I have been involved in 4 start-ups in my career so far. When I watched my father launch his business, it seemed easy and I often wondered, as a kid, why so many people continued to work in large offices. I have also been employed in some of the largest companies where I enjoyed the stability, the regular hours and ability to get so much done by just firing an email to the “support” functions. This blog is about the emotional side of the startups. I will not discuss any of the technical aspect of starting up a business but the equally important emotional and other qualitative aspect of working in a new business.
One of the areas where you might find hard to cope with, is the proximity, especially if team-work is not your thing. Equally, this proximity can give you a very strong sense of community and solidarity. More often than not, the group you are working with is made of similar minded people in the similar age group, which means there will be many ways to relate to each other, even if you are super shy. I would recommend that you would watch the following and you should be fine.
- Unchallenged views. Because all of you think alike, the ideas generated might lack sufficient challenges.
- Protectionism. This can occur especially when someone new joins. Nobody likes to be told that their ways of working, which seemingly worked perfectly to date, has to be changed.
- Introversion. Keep real, have real conversations with real outside people.
After a while, you will start making assumptions about others and communications become brief and scarce. Although it might seem ritualistic, keep talking. No matter how great the team is and how long it has played together with the same players, when the communication dies, the productivity will drop and you will miss the early signs of brewing troubles. Here are some tips on how you might avoid it.
- Short, recurring meetings. Once a week or whatever is suitable for the team, preferably, have a face to face meeting. This is the best way to understand how each member is coping or enjoying. This is about the body-language, voice tone, energy level, etc.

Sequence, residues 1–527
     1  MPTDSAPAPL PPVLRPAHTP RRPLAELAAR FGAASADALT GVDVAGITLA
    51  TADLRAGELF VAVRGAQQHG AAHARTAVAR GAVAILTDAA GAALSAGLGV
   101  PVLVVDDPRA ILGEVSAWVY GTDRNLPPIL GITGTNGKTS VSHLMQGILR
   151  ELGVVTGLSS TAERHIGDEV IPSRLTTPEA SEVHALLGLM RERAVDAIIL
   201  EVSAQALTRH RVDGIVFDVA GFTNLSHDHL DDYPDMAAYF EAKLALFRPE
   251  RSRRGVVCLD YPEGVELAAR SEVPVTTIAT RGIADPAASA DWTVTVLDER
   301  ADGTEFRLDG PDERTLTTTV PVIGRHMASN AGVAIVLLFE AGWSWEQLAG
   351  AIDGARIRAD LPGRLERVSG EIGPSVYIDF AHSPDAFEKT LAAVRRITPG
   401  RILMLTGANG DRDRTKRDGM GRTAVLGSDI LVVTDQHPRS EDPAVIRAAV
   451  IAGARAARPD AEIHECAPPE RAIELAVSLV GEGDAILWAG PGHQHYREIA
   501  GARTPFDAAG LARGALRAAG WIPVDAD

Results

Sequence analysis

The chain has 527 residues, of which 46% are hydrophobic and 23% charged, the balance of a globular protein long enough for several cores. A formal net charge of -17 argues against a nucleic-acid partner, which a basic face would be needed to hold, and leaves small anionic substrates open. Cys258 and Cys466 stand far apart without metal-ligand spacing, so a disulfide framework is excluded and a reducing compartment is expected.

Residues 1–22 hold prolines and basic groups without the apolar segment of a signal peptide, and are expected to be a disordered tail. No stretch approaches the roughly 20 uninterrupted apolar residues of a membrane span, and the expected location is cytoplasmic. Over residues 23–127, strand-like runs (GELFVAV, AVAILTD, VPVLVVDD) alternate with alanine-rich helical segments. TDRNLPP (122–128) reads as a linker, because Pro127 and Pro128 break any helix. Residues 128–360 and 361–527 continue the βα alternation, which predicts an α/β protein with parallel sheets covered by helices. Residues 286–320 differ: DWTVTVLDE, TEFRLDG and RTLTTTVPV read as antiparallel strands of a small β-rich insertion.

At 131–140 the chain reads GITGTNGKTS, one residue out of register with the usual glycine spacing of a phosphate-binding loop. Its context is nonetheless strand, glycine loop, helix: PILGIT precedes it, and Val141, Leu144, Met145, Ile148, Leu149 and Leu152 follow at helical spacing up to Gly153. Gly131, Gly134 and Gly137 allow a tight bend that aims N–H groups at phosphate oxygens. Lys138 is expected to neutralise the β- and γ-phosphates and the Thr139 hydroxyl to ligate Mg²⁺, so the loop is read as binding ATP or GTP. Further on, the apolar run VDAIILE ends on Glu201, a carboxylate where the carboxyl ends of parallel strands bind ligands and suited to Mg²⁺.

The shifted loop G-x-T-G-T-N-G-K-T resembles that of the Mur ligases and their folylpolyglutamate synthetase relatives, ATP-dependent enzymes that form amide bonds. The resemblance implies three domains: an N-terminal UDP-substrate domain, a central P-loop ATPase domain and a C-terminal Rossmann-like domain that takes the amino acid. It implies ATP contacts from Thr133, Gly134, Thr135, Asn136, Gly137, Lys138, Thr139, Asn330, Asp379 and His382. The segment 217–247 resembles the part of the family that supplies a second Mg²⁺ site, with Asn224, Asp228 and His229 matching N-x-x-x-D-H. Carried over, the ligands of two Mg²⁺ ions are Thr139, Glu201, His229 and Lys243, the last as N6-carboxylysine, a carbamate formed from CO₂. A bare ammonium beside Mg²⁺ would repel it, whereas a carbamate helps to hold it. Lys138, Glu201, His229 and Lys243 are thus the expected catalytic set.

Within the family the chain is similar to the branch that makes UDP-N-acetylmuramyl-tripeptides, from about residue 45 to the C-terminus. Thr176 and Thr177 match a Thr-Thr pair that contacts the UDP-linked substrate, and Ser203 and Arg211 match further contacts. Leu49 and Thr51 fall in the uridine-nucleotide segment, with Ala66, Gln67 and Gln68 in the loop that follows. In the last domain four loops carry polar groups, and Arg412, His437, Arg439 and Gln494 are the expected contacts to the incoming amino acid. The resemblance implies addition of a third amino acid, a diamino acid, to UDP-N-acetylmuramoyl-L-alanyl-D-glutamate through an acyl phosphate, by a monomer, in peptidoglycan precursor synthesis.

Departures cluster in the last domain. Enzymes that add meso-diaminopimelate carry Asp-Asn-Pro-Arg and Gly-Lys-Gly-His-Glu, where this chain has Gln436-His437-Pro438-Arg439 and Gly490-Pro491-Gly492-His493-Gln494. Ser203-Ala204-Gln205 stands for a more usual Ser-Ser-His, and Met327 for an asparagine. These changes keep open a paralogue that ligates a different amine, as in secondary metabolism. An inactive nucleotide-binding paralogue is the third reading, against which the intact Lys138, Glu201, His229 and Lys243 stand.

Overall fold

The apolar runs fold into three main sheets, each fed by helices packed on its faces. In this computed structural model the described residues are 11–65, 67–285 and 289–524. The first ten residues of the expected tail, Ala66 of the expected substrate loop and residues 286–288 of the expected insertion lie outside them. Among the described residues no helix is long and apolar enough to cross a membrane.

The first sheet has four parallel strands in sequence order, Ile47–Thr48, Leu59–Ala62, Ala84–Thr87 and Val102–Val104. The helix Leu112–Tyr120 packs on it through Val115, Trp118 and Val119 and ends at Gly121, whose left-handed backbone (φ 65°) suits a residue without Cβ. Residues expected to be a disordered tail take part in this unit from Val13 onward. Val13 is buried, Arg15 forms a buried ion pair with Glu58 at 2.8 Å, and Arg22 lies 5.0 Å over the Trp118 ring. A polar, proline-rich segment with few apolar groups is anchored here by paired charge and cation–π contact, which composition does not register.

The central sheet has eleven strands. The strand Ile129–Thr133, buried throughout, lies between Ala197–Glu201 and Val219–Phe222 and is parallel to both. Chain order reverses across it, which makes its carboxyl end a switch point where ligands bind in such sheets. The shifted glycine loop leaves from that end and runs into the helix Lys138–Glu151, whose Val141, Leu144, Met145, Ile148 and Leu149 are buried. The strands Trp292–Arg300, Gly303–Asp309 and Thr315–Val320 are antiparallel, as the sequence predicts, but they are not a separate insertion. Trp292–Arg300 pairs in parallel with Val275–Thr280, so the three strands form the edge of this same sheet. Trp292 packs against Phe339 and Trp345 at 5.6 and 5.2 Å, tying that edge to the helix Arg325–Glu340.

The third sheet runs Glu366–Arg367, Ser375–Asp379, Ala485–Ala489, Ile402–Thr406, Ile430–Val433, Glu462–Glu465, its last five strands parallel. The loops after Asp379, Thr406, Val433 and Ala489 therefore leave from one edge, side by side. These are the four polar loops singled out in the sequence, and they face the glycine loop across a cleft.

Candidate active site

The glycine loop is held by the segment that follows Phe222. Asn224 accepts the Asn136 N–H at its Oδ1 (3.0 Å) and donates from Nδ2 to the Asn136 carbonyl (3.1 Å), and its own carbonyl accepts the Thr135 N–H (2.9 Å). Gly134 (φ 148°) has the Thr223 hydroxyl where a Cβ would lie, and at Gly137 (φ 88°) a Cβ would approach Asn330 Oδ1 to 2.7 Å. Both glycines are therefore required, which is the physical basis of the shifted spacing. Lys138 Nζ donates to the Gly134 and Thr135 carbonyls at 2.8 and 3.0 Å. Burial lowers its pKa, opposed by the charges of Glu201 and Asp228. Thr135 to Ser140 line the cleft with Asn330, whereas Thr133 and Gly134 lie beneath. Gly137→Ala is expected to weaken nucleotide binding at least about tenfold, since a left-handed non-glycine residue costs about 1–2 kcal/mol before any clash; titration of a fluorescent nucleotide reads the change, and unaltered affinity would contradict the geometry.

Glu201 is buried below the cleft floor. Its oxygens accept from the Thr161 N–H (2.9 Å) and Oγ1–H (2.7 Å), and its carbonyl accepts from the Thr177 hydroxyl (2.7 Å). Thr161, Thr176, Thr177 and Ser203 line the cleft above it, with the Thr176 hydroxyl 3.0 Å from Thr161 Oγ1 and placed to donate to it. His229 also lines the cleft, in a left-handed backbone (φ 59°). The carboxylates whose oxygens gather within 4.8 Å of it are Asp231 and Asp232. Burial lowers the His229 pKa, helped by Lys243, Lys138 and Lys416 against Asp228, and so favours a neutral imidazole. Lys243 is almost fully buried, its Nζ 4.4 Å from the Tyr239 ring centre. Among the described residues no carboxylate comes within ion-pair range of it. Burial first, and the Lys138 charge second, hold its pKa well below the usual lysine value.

- Nominate a team captain or motivator. This person needs to think about keeping the communication going and keep the team motivated. Technical advice, communication improvements, status requests, are all valid communication channels. Even talking about trivial things such as a TV programme or a football game can sometimes get the juices flowing again.
- Language. While keeping the office civilised is a good idea, it is also good to constantly work on improving the communication skills and any work on any language barriers that exist. If your start-up is multi-cultural, simple misunderstand can happen often and lead to a larger misunderstanding.
Arguably, conflicts in a start-up can have a much severe consequence than in an established business. In a start-up, the stress levels will be high, the line between personal offences and professional criticisms will be very blurred. Being small and the bond that exists between the colleagues, hopefully most of the conflicts will be short-lived. Whatever you do, try not to take it personally because it probably isn’t. If you have made the decision to spend a considerable amount of time for this start-up, you would have asked a question at one point and made a conclusion that you are able to work with this team no matter what. If your team member is persisting on something, listen to him. He probably has a very valid point. In my experience, more often than not, most conflicts are triggered by freak-outs caused by stress and panic.
So, what do you get from a start-up apart from millions and millions of dollars? Surprisingly, the majority of the start-ups do it for other things like the sense of achievement, acknowledgement and other qualitative sense of success. I personally seek the challenges of start-ups mostly for the innovativeness of the project and the sense that you have changed the world in very very small way.
The Roller-coaster ride
I am not sure if there are a totally calm and zen start-ups. I would imagine that almost all of start-ups are emotionally charged and the question is how do you deal with it. The reward and the positive feedback could be some time away and the inability to deal with the stress and emotional challenges along the way have caused many start-ups to disintegrate very prematurely. Like any good marriage or a team sport, keep talking. Do not kill the dialogue. Unless you are doing it on your own, you must not take things personally and concentrate on getting the job done.